Reducing barriers to breastfeeding


The Government is committed to increasing the number of mothers who breastfeed for longer to give babies born in New Zealand the best start in life.

The Ministry of Health recommends that babies are exclusively breastfed for the first six month but only about 20 percent of children at this age are breastfed. The rates are even lower in Māori and Pacific infants.

 “The National Breastfeeding Strategy: Rautaki Whakamana Whāngote was officially released today. It sets a clear direction for DHBs and providers such as GPs and midwives to improve access to technical, financial, emotional, cultural and public support for whānau,” Associate Minister of Health Dr Ayesha Verrall said.

“Breastfeeding is a cost effective, safe and environmentally friendly way to make sure babies are getting the nutrients they need as they grow.

“Babies who are breastfed have a lower risk of diabetes, allergies such as eczema and respiratory infections, while mothers have a lower risk of maternal Type 2 diabetes, some forms of cancer and heart disease.

“The Strategy is about making sure the health system is protecting, promoting and supporting breastfeeding so no matter where you live, you can easily and freely access the services you need.

“It also gives guidance to the wider community such as workplaces, childcare and early childhood education centres on how they can support more women to breastfeed.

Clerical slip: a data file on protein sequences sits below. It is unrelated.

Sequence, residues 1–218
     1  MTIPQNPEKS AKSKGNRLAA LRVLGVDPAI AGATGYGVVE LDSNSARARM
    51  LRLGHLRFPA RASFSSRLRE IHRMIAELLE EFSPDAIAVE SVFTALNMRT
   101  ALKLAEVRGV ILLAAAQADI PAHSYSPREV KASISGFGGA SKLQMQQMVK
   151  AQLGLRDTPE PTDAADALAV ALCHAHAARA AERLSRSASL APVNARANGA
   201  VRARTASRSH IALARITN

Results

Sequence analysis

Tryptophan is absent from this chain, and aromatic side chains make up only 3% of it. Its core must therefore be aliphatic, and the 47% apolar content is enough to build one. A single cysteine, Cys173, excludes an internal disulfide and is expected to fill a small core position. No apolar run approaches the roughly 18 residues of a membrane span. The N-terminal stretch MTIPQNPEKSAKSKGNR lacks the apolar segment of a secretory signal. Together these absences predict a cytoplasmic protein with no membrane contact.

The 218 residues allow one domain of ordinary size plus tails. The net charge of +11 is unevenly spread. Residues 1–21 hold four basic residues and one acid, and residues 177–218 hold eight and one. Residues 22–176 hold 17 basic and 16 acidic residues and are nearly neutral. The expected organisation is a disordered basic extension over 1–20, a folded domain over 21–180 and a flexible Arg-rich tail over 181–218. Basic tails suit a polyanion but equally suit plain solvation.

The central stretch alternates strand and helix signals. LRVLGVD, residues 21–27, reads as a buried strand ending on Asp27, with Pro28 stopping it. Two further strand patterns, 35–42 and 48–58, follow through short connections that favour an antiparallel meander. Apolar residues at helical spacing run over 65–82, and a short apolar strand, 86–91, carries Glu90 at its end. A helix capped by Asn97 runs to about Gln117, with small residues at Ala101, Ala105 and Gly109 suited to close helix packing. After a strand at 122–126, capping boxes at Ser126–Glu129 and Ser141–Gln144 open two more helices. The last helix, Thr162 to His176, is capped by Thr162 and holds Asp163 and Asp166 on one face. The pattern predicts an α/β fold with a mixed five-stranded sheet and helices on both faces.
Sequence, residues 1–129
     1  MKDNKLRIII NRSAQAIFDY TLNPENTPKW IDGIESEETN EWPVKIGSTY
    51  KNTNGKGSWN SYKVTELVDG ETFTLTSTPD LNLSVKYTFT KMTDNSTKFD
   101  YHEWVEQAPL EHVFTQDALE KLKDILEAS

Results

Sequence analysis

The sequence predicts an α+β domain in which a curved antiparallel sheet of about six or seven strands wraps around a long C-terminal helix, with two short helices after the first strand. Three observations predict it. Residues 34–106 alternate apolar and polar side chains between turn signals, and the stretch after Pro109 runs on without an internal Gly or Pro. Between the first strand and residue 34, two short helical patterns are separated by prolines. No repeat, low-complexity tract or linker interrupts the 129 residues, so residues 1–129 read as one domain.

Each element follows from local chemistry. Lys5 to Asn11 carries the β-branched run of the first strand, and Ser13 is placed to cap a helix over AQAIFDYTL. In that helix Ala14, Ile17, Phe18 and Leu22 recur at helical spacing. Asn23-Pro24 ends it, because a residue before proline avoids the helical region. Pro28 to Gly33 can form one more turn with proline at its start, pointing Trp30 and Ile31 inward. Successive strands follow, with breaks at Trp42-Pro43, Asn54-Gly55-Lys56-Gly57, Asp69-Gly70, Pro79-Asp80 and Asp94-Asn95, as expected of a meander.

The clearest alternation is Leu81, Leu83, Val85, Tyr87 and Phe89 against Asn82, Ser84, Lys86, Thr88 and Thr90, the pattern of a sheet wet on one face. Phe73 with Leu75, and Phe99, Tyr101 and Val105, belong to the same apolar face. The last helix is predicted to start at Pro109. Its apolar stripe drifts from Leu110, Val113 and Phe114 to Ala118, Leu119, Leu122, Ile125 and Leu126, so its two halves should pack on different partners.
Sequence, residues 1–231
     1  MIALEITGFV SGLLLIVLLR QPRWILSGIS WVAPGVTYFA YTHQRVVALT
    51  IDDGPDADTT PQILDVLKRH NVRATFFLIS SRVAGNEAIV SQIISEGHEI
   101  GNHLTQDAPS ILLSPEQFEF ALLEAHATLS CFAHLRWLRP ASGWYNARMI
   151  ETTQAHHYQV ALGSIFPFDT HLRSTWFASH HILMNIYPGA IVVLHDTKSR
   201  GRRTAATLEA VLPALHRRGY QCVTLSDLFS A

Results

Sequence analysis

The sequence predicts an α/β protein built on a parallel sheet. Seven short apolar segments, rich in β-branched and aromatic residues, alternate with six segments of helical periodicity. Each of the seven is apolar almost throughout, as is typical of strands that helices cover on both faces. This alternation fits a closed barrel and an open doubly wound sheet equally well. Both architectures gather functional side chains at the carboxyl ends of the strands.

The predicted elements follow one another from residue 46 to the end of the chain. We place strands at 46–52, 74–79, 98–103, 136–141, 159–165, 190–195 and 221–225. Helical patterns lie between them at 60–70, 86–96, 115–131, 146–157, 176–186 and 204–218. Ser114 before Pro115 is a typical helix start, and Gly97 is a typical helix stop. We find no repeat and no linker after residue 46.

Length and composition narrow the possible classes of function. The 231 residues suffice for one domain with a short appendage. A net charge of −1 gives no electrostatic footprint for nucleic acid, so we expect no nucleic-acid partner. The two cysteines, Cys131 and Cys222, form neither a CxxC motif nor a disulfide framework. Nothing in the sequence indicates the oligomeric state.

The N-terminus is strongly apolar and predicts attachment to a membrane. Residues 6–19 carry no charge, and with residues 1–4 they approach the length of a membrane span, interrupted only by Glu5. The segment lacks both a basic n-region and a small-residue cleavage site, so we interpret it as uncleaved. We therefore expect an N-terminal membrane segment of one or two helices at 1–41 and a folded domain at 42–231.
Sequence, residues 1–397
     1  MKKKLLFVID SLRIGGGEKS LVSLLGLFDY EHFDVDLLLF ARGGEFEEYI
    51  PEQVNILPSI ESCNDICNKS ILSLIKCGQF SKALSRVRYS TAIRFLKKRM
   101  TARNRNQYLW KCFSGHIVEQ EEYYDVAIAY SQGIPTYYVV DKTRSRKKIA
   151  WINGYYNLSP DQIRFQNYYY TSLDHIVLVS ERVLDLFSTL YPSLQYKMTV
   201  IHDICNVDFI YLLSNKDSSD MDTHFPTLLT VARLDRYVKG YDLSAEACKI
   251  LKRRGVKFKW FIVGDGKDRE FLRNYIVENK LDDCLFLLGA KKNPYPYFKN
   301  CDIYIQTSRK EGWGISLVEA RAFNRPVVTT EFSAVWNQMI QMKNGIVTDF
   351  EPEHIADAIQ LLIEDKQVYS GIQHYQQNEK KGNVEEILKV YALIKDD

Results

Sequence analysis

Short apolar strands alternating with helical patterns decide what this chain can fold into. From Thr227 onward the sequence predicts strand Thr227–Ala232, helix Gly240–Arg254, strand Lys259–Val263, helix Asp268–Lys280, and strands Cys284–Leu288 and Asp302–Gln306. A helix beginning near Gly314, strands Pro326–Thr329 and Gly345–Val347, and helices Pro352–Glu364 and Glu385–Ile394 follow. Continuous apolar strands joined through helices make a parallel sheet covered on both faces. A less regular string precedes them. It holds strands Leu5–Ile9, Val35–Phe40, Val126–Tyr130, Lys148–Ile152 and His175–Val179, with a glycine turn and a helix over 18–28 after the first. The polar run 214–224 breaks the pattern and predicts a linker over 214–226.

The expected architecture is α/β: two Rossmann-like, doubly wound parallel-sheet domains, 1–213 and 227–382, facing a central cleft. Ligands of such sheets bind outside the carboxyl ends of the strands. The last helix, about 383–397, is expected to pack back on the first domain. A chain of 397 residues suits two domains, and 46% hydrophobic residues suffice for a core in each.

“The ability to produce enough milk for the baby is only one part of a woman’s decision to breastfeed. There are many other reasons why mothers may choose to either stop breastfeeding beyond the first few weeks or not start in the first place.

“The Ministry of Health expects DHBs to have 70% of their population exclusively breastfeeding at 3 months. The current national average is 47%.

“We need to provide better resources and put in place more support to ensure whānau are making informed decisions. Support could come in the form of more breastfeeding friendly infrastructure, kaupapa Māori breastfeeding and antenatal initiatives that are free and more widely available, and digital and virtual breastfeeding programmes,” Dr Ayesha Verrall said.